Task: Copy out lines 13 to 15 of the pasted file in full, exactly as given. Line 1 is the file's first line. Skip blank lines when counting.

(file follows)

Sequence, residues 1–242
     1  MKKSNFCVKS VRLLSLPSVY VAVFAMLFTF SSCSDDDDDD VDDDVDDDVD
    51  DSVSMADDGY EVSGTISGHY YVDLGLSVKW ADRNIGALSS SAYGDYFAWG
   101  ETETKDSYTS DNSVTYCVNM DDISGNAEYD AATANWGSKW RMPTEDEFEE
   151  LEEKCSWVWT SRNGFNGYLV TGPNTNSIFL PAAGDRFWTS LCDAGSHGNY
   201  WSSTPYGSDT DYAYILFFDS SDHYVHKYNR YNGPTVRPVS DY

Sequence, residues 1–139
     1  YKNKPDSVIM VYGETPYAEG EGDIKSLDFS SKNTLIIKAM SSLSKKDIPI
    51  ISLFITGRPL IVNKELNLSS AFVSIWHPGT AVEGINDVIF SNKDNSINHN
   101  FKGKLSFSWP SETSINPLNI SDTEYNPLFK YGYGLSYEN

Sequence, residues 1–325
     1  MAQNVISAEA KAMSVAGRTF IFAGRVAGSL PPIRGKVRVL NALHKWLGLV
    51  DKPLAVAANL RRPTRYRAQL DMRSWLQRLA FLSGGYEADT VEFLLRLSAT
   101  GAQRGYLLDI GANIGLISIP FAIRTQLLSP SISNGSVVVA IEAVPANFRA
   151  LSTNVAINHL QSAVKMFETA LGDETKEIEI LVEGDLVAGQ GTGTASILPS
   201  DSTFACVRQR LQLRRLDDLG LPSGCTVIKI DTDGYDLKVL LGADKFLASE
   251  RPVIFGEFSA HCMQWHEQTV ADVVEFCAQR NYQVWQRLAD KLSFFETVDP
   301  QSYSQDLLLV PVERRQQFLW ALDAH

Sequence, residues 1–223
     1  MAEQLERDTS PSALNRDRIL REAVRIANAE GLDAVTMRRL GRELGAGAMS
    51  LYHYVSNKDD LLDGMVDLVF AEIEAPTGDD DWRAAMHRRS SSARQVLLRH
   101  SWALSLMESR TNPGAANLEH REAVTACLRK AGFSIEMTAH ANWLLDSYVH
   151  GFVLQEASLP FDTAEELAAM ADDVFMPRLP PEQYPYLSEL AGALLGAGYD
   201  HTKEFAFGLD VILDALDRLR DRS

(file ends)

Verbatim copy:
    51  DKPLAVAANL RRPTRYRAQL DMRSWLQRLA FLSGGYEADT VEFLLRLSAT
   101  GAQRGYLLDI GANIGLISIP FAIRTQLLSP SISNGSVVVA IEAVPANFRA
   151  LSTNVAINHL QSAVKMFETA LGDETKEIEI LVEGDLVAGQ GTGTASILPS